YELLOW > SUN > CIRCLES
Bright yellow was chosen as the colour of the Catherine McAuley rose due to its radiance and delicate fragrance, reminiscent of the golden-haired and gracious Catherine.
In colour psychology, yellow denotes optimism, confidence, friendliness and creativity.
The Stockton Bight sand dunes form part of the Worimi Conservation Lands and are an important cultural site of the area.
The sun is a centre-point of Aboriginal and Torres Strait Islander cultures across Australia. Featured on the Aboriginal flag, the sun is the source of life and death. It brings life and heat to the people and in many Aboriginal traditions, the sun is a woman and the moon is a man.
The concept of the Circle of Mercy captures the spirit of Catherine McAuley and the themes of inclusiveness and God’s love.
In Aboriginal art, concentric circles denote a meeting place – a central point within the community.
In the design of the CMCC campus, the central courtyard is circular.
In popular culture, circles are a symbol of unity and togetherness.
BLUE > WATER > MERCY
In colour psychology, blue is a symbol of intelligence, reflection and calm.
Varying watercourses dominate the catchment area of the school including river, wetlands, lake, ocean and bay.
Water is a symbol of the Catholic sacrament of Baptism and is a sign of cleansing and purity.
A waterhole signifies an Aboriginal sacred place – where stories are passed down through the generations.
The Sisters of Mercy associate themselves with blue, marking the relationship with their patron, Our Lady of Mercy.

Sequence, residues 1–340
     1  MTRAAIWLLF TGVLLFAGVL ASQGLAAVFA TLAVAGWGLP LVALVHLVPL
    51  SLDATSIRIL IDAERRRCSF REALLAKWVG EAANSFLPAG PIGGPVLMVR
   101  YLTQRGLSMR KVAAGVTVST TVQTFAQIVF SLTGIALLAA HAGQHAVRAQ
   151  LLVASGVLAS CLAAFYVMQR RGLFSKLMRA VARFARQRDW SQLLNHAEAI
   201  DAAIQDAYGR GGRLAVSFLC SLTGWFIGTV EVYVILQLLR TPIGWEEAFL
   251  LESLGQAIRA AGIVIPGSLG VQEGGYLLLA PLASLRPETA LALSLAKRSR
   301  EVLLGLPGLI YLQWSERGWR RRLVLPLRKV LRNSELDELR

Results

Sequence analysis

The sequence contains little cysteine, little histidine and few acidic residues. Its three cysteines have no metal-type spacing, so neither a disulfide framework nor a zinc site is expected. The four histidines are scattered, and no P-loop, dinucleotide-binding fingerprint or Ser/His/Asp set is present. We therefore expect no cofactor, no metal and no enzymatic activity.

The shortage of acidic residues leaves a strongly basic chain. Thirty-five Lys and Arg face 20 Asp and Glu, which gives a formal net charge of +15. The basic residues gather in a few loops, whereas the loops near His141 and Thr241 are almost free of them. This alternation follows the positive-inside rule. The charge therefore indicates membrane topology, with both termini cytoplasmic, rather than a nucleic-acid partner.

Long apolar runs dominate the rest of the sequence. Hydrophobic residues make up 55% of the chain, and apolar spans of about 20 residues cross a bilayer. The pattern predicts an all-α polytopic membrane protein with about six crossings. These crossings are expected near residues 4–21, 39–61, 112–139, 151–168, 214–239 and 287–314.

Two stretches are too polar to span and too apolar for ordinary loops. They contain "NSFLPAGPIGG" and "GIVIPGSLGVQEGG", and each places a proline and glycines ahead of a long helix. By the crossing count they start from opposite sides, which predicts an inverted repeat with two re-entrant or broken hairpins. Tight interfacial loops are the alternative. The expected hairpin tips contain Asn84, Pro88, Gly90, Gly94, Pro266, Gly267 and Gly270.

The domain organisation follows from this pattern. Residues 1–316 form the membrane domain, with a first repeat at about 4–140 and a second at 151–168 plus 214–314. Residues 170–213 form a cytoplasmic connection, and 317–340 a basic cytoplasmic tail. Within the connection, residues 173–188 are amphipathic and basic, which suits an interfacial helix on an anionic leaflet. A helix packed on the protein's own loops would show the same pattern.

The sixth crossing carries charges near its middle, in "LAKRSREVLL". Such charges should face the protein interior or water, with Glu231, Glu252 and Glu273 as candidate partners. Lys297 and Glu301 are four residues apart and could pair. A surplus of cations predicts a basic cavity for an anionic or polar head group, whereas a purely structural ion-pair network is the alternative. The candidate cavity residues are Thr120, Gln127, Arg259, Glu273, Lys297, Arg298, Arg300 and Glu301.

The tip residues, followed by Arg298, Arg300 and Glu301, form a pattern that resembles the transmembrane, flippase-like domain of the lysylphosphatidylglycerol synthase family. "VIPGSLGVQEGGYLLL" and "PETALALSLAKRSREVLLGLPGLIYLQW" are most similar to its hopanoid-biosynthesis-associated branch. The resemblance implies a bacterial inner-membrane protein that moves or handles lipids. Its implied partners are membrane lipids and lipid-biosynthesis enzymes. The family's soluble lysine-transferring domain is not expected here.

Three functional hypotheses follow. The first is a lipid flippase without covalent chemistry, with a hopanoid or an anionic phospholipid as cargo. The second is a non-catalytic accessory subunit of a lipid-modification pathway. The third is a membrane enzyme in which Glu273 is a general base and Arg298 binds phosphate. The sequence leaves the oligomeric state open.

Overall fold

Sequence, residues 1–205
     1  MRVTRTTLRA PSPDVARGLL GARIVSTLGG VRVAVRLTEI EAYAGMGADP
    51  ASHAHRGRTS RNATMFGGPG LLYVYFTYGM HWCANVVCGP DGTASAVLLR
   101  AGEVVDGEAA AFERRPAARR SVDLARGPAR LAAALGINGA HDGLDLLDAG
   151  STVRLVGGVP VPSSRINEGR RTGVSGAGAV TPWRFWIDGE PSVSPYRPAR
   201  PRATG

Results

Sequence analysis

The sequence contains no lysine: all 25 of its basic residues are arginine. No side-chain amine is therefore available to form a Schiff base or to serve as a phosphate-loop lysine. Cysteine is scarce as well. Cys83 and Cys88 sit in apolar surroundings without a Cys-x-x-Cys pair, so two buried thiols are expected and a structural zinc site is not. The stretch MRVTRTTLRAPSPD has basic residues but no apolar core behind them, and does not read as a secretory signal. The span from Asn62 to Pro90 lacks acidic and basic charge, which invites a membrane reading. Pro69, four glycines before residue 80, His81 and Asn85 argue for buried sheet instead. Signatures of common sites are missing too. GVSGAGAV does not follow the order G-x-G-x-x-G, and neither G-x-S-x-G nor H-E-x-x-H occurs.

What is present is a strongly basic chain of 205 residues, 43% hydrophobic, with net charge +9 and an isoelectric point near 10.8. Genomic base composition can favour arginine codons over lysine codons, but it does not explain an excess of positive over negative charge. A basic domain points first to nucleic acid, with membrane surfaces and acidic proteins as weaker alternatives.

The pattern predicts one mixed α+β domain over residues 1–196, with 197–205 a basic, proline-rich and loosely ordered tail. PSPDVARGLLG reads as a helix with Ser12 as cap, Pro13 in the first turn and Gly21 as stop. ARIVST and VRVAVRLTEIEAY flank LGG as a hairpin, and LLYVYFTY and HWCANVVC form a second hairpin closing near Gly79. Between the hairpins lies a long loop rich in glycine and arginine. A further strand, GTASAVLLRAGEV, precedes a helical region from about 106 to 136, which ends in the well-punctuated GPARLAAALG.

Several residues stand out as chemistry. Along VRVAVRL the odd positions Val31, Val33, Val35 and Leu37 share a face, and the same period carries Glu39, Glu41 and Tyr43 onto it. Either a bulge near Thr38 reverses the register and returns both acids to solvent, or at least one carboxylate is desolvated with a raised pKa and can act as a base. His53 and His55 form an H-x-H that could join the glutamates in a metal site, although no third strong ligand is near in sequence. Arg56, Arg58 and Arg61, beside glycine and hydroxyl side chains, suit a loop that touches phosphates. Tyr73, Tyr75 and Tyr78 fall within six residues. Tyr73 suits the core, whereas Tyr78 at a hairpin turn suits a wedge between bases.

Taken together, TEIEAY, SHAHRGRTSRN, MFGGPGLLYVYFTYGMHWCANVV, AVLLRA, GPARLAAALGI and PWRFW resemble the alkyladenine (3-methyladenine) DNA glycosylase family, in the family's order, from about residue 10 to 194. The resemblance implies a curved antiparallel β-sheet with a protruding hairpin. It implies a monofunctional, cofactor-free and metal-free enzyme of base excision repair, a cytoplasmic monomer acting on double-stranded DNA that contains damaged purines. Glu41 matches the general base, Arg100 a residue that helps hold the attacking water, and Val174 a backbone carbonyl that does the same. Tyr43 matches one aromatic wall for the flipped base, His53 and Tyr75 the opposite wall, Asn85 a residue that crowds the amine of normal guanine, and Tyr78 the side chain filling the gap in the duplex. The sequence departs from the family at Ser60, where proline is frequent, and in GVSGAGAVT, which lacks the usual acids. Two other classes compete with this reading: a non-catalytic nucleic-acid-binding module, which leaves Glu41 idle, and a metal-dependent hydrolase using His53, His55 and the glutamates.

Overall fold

The Mercy Cross is based on the cross designed by Catherine McAuley and has a white cross in the middle of a dark-coloured cross. Catherine chose this to be the symbol of the Sisters of Mercy because of her deep love for Christ.
ORANGE > EARTH > FIRE
In colour psychology, orange indicates enthusiasm and warmth.
Many important ceremonies were held by the Worimi around the Karuah area due to the vivid red and bright orange clay ochre. This clay ochre was used for ceremonial dances.
Fire is a symbol of the strength and force of the Holy Spirit.
Fire is an integral tool for Aboriginal people in shaping the land for growth and hunting.
GREEN > TREES > MEDOWIE
Green is the colour most commonly associated with Ireland, Catherine McAuley’s birthplace. It links to the poetic name for Ireland, Emerald Isle, due to its green countryside. It also links to the early Irish Catholics who wore green as part of their rebellion against the British crown.
In colour psychology, green represents harmony and balance.
Medowie means “the place of the tall trees”.
The “Fishing Tree” was used by generations of Worimi people to find schools of fish near Bagnalls Beach. The tree stretched out over the water. A finder would climb the tree and look in the water for fish and direct people in canoes to the best fishing spots. Footholds can still be seen along the trunk. Living on the coast and by lakes, the Worimi relied on fishing and made canoes out of stringybark trees.
Trees, leaves and seedlings are symbols of nurturing, growth and thriving.